Massachusetts Institute of Technology (MIT; Cambridge, MA) researchers have developed an endoscopic optical coherence tomography (OCT) system to enable 3-D imaging of microscopic pre-cancerous changes in the esophagus or colon.
As standard endoscopy can only examine the surface of tissues in the colon or esophagus, it could miss important changes occurring inside tissue that indicate cancer development. Described in the August 1 issue of the journal Biomedical Optics Express, the endoscopic OCT system developed by the MIT teamâled by OCT pioneer James G. Fujimotoâcaptures data at 980 fps, is nearly 10 times faster than previous devices, and images microscopic features less than 8 millionths of a meter in size.
In collaboration with clinicians at the VA Boston Healthcare System and Harvard Medical School, the team is investigating endoscopic OCT as a method for guiding excisional biopsyâthe removal of tissue for histological examinationâto reduce false negative rates and improve diagnostic sensitivity.
Endoscopic OCT requires miniature optical catheters or probesâjust a few millimeters in diameterâthat can scan an optical beam in two dimensions to generate high-resolution 3-D data sets. Scanning the beam in one transverse direction generates an image in a cross-sectional plane, whereas scanning the beam in two directions generates a stack of cross-sectional imagesâthat is, a 3-D (or volumetric) image.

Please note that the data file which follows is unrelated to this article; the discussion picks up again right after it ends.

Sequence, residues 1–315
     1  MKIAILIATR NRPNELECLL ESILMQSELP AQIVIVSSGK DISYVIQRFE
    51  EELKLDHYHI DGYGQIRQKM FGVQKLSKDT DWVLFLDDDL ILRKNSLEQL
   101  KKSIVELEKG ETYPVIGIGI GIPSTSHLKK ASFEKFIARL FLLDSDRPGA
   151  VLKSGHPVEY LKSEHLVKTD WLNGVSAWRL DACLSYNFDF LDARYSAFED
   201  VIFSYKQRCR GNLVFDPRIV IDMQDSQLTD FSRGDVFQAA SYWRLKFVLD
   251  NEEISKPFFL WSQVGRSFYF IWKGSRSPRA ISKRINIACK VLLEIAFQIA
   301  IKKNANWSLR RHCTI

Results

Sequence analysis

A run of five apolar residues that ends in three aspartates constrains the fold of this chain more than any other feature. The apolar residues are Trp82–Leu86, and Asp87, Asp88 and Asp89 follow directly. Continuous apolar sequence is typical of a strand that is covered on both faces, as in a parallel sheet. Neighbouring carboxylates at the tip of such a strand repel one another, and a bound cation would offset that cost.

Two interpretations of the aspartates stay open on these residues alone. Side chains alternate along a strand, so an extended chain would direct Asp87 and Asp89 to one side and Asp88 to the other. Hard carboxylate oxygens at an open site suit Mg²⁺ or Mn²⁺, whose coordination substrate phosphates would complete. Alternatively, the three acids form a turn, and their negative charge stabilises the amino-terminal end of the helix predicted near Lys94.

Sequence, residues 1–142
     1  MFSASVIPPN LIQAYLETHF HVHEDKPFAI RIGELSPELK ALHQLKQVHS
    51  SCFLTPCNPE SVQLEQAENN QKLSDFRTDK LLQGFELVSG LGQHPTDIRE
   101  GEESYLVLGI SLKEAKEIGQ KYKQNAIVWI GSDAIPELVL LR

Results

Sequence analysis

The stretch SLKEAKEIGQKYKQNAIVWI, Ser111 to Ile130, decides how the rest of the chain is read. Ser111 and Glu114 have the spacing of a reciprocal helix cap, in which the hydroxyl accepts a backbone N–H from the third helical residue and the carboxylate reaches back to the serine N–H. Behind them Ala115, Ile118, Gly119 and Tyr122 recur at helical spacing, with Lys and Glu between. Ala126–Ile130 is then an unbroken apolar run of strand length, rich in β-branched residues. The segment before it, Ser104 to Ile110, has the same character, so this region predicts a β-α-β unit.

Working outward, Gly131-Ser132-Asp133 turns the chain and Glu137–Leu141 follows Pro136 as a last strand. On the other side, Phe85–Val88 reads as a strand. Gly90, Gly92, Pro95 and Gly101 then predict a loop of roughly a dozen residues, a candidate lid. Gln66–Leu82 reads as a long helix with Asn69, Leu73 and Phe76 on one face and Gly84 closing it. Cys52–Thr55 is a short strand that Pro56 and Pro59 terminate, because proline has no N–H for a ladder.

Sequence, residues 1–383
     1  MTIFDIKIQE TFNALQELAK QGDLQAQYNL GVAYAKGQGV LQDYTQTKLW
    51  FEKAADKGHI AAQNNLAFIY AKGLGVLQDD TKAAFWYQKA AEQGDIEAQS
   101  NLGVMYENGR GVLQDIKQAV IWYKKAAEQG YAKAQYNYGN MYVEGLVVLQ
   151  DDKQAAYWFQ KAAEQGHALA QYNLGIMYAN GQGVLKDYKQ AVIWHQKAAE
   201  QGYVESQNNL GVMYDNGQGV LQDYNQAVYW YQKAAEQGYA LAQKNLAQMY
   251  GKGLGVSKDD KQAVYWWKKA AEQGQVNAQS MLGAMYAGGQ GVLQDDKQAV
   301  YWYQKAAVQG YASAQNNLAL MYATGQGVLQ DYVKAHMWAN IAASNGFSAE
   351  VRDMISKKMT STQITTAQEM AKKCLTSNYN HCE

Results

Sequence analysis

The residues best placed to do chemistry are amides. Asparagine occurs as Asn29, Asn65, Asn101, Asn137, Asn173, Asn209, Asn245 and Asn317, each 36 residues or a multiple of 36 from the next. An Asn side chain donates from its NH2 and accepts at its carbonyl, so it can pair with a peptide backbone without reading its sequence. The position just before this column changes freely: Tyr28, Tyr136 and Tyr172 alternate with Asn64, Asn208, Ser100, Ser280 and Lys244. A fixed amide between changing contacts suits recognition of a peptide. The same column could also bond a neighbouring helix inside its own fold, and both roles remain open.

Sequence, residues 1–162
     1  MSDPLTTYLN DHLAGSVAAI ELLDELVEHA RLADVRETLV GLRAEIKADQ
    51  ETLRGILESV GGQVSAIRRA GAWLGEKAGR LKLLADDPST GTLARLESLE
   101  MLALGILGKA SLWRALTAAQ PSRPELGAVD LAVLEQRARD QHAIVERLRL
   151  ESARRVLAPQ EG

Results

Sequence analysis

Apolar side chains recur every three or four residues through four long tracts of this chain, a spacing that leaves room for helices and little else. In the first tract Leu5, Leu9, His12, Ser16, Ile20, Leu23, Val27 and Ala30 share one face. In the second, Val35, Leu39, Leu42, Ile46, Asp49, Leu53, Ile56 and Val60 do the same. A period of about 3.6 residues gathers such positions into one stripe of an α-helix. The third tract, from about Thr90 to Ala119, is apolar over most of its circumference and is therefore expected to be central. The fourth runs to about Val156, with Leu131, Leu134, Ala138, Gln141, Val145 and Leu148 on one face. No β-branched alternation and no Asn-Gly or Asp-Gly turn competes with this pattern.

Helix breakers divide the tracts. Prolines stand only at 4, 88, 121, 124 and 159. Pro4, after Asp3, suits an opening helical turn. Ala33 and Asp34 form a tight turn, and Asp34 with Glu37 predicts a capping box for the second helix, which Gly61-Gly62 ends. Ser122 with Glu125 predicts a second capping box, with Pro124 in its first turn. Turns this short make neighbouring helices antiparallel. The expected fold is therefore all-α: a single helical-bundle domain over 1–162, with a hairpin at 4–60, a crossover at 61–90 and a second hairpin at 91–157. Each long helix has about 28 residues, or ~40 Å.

|3-D OCT volumetric data set from an excised human colon specimen. a) En face view showing regular organization of normal colon, and b) and c) Cross-sectional views along two different directions showing sub-surface features. Two cross-sections are shown as examples; however, multiple cross-sectional views can be extracted from the 3-D OCT data. Scale bar: 500 µm. (Image courtesy of the Massachusetts Institute of Technology)|
âThis device development is one of the major technical challenges in endoscopic OCT because probes must be small enough so that they can be introduced into the body, but still be able to scan an optical beam at high speeds,â says Fujimoto. âIncreasing imaging speeds has also been an important research objective because high-resolution volumetric imaging requires very large amounts of data in order to cover appreciable regions of tissue, so rapid image acquisition rates are a powerful advantage.â
The optical catheter developed by the MIT researchers and their collaborators uses a piezoelectric transducer, a miniature device that bends in response to electrical current, allowing a laser light-emitting optical fiber to be rapidly scanned over the area to be imaged.
So far, the deviceâwhich must be further reduced in size, notes Fujimoto, before it can be deployed with the standard endoscopes now usedâhas only been used in animal models and in samples of human colons that had been removed during surgical procedures; further development and testing of the technology is needed before it can be tested in human patients. âThe ultimate clinical utility of new devices must be established by large clinical studies, which assess the ability of the technology to improve diagnoses or therapy,â he says. âThis is a much more complex and lengthy task than the initial development of the technology itself.â
Posted by Lee Mather
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